How milking robot data saved a dairy farmer £15,000 on feed

When robotic milker George Lester scaled back concentrate feed for his late lactating milkers from 5-6kg to 1kg a cow a day to reduce milk production two weeks before drying them off, he made a surprising finding.

For more than half the cows, production stopped straight away, as expected. But the others carried on producing the same amount of milk.

From this, Mr Lester realised that cows must vary in the way they use food in the same way humans do. “Some of us can eat tons and never put on any weight, while others only need to look at a burger and they pile on the pounds,” he says. “Cows are just like humans.”

See also: How to make the most of technical data from robots

Farm facts

Manor Farming Company

  • 141ha family farm across two sites
  • 180 Holsteins
  • First milking robot installed in 2008
  • New dairy unit completed in 2019
  • Three milking robots
  • Lely Vector robotic feeding system
  • 11,000 litres a cow a year
  • Milk supplied to Tesco

Feed rate/litre

Using data generated from his milking robots to support herd management decisions, he was able to halve the tonnage of nuts fed in the robots on his 180-cow dairy unit. Feed rate/litre has gone from 0.42kg/litre to 0.32kg/litre fed – a saving of £30,000.

At the same time, milk from forage has increased from 6 litres to 13 litres. The extra forage cost is budgeted at £15,000, making an overall saving of £15,000/year.

“I was concerned that there would be a huge drop in milk [production],” says Mr Lester. “We didn’t experience that, but we did see a reduction in parlour nut use.”

Rather than setting a feed rate for the average cow in each group within the herd, he sets parameters in the concentrate optimiser software, and then every cow is treated as an individual, with her feed rate monitored and adjusted daily to achieve the most efficient milk production.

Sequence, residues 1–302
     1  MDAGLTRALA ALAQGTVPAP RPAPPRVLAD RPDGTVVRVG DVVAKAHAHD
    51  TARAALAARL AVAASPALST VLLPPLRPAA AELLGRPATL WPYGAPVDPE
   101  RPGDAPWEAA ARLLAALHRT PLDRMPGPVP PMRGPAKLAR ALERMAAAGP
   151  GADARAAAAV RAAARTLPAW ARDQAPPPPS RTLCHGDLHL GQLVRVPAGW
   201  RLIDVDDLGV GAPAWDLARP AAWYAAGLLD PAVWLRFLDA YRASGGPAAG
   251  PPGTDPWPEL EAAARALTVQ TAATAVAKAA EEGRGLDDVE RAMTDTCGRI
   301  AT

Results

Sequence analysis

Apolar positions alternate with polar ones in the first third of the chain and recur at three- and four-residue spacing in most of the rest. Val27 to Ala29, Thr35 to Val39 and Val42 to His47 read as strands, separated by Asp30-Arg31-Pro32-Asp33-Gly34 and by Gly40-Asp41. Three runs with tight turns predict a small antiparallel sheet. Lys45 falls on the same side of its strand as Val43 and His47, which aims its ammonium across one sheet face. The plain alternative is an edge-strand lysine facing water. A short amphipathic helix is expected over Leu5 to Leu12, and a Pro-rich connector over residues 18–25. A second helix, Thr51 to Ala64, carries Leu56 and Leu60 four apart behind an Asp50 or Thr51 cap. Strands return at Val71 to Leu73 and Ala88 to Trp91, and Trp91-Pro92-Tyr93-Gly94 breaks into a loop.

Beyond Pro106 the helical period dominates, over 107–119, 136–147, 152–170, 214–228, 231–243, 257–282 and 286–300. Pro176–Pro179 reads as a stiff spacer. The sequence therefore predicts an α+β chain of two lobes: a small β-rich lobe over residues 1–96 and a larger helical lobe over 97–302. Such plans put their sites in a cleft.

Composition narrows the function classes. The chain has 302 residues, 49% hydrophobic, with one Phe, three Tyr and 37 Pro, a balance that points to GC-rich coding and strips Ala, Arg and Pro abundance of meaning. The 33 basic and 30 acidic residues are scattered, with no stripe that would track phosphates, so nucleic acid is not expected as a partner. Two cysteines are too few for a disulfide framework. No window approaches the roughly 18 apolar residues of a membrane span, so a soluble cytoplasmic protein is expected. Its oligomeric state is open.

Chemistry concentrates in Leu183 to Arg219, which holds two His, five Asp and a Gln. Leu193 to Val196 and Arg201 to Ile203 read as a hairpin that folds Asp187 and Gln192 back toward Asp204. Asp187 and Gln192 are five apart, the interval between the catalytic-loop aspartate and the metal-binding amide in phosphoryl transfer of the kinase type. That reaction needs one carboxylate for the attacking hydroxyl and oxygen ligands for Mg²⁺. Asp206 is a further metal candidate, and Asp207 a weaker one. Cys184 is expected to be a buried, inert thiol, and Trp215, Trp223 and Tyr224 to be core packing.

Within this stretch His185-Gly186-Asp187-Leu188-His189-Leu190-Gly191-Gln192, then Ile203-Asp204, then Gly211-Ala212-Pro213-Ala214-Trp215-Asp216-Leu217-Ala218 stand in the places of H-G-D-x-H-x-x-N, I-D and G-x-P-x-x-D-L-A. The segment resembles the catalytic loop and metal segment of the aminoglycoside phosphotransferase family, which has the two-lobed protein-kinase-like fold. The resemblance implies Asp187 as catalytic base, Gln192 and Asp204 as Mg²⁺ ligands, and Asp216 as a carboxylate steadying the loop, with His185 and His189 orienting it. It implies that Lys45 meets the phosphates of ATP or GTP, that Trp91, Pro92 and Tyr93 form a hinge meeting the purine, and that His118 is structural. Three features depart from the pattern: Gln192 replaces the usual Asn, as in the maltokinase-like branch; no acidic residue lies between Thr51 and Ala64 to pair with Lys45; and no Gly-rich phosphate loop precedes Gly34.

Milk from forage

“We’re not trying to reduce the amount of energy the cows get,” he says. “We have a Vector system, too, so there is always fresh food in front of the cows.

“We’re trying to encourage them to take more forage and less concentrate for the same amount of milk. We’re aiming for the most efficient milk production, rather than the most milk production. We may not be producing quite as much milk, but it’s a much healthier way to run the herd.”

The concept comes from the Netherlands, says Mr Lester. There, regulations on phosphate levels prevent dairy farmers from increasing cow numbers to increase milk production on a given area of land, and land prices are two-and-a-half times those in the UK.

Instead, farmers are looking to technological advances to help improve their profit margins.

Other benefits

Before using the concentrate optimiser, Mr Lester calculated feed levels based on average performance. This created inefficiencies, which he first noticed in overweight cows at drying-off time.

Now, as well as improving margins, he is avoiding potential longer-term problems associated with dry, fat cows such as calving difficulties and a higher risk of metabolic disease and reduced dry matter intake after calving in future lactations.

Mr Lester explained his finding, and the savings that resulted, at a Dairy-Tech Online webinar (4 February).